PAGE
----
Change to Visa Bulletin advances adjustment filing eligibility

A TREMENDOUSLY beneficial change to the Visa Bulletin was announced by the United States Citizenship and Immigration Service (USCIS) and Department of State (DOS) on Sept. 9, 2015.  The change assists those needing a work permit and advance parole travel document by allowing individuals to file these applications earlier than before.

The changes to the Visa Bulletin are in accordance with the Executive Action announced by Pres. Obama in November 2014.  It is intended to modernize and streamline the U.S.’ legal immigration system, especially in a time where Congress has failed to address the issue.

The Visa Bulletin indicates when immigrant visas are available to individuals on the various family and employment-based categories.  For those categories with a waiting list, the Visa Bulletin indicates a cut-off “priority date.”  Only those with a priority date earlier than that shown on the Visa Bulletin may proceed with the final processing of their green cards.  An individual’s priority date is generally the date that the relative petition or labor certification application is filed.  The Visa Bulletin is published every month and lists the cut-off priority dates for the upcoming month.  For example, the Visa Bulletin released on Sep. 9, 2015, is applicable starting on Oct. 1, 2015.

Accordingly, starting on Oct. 1, 2015, there are now 2 different charts stating priority dates for each of the family and employment-based categories.  The one chart, “Dates for Filing,” determines when an individual who is eligible for an immigrant visa, or green card, may proceed further with the process.  For individuals who are outside the U.S. and whose priority date becomes current under “Dates for Filing,” the DOS is to proceed with notifying the individual of the steps necessary to further process their immigrant visa.  For those already inside the U.S., a current priority date under “Dates for Filing” signals that the individual may proceed with filing the adjustment of status application, along with the related work permit and advance parole travel document applications.

For those seeking adjustment of status, it is important to note that the changes to the Visa Bulletin do not affect an individual’s eligibility for adjustment of status.  It only changes when an application may be submitted.  Individuals must continue to be eligible for adjustment of status either because they are still in lawful status; have been out of status for less than 6 months and are applying on an employment-based petition; or are grandfathered under former INA §245(i).

The second chart, “Application Final Action Dates,” determines when the individual’s green card may actually be granted.  For those outside the U.S., the Embassy can only issue the immigrant visa so that they may enter the U.S. once their priority date on this chart becomes current.  For those inside the U.S., the USCIS may only finalize their adjustment of status application once their priority date becomes current on this chart.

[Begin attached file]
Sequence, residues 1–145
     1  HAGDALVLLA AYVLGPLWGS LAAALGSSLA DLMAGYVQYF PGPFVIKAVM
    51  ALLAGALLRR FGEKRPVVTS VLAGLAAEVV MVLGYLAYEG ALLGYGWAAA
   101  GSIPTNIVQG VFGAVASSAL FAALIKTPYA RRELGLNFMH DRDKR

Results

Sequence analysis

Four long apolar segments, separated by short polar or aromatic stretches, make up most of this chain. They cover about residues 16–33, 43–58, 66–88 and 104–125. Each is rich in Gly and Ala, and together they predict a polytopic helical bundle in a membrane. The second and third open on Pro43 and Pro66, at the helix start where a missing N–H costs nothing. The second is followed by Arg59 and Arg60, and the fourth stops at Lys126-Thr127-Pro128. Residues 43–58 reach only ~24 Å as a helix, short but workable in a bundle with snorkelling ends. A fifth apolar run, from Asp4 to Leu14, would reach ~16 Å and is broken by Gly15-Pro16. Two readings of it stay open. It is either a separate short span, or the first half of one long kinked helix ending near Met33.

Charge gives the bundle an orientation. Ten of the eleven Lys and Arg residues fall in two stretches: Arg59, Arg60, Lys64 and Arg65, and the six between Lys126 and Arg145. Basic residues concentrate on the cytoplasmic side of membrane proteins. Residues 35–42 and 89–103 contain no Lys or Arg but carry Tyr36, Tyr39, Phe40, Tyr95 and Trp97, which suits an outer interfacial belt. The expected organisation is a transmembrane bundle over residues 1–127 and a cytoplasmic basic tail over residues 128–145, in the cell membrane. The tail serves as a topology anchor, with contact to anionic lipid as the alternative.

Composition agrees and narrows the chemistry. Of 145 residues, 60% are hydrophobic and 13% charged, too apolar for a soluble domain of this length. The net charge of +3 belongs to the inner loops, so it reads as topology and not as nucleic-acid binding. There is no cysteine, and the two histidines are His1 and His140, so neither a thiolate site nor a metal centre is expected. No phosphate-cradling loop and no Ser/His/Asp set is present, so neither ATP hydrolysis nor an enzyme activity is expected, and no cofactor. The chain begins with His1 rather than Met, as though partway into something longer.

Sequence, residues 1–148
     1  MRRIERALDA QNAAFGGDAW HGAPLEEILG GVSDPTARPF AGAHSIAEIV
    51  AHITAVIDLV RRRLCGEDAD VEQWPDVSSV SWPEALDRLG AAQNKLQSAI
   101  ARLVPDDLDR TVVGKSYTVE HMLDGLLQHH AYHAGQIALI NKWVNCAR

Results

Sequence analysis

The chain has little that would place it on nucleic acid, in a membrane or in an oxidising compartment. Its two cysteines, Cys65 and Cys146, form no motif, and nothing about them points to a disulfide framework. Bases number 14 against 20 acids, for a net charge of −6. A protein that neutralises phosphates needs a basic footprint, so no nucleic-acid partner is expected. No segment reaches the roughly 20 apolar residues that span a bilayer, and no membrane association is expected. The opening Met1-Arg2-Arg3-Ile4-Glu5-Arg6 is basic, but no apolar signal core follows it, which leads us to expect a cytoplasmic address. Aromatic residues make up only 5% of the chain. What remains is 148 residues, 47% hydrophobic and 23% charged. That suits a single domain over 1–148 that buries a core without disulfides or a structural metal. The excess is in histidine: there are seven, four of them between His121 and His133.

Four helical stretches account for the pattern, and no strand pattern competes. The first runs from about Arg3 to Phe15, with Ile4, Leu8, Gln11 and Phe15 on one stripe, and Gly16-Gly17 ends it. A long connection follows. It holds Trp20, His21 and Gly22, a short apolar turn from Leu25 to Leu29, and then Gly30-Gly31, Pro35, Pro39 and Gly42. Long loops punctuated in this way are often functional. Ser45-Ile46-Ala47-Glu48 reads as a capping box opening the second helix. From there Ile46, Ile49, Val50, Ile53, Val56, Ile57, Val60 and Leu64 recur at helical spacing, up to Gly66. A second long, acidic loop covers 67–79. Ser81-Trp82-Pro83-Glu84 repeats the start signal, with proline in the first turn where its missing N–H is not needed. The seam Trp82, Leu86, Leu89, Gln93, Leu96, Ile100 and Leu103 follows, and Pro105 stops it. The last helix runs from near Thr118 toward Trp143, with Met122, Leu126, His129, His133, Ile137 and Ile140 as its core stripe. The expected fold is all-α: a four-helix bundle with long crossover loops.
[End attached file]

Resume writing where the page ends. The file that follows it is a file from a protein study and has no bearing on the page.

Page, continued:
The creation of the 2 charts, “Dates for Filing” and “Application Final Action Dates,” is very beneficial to those in the U.S. seeking adjustment of status as it advances their ability to get the extremely valuable work permit and advance parole travel document.  Moreover, it advances the ability for their dependent spouse and children to obtain work permits and advance parole.  The work permit and advance parole documents may continually be renewed until the adjustment of status applications can be finalized.

As an example of the benefits under the change, take the family F1 category for the Philippines.  Starting on Oct. 1, 2015, individuals with a priority date earlier than Sept. 5, 2005, may proceed with filing their adjustment of status, work permit and advance parole applications.  Had the Visa Bulletin not changed, it may have been another 4 years since the cut-off priority date would have only been June 1, 2001.

Another example is the employment 3rd and Other Worker categories for the Philippines.  Starting on Oct. 1, 2015, individuals with a priority date earlier than Jan. 1, 2015, may proceed with filing the adjustment, work permit, and advance parole applications.  The change advanced their eligibility potentially 8 years since the cut-off priority date would otherwise have been Jan. 1, 2007.

The advancement to those eligible for adjustment of status to obtain work authorizations and advance parole recognizes the benefits of providing hard working individuals with the tools necessary to fully contribute to our society.  This change in the Visa Bulletin implements yet another one of Pres. Obama’s Executive Actions, many of which are indeed helping to modernize and streamline the U.S. immigration system.

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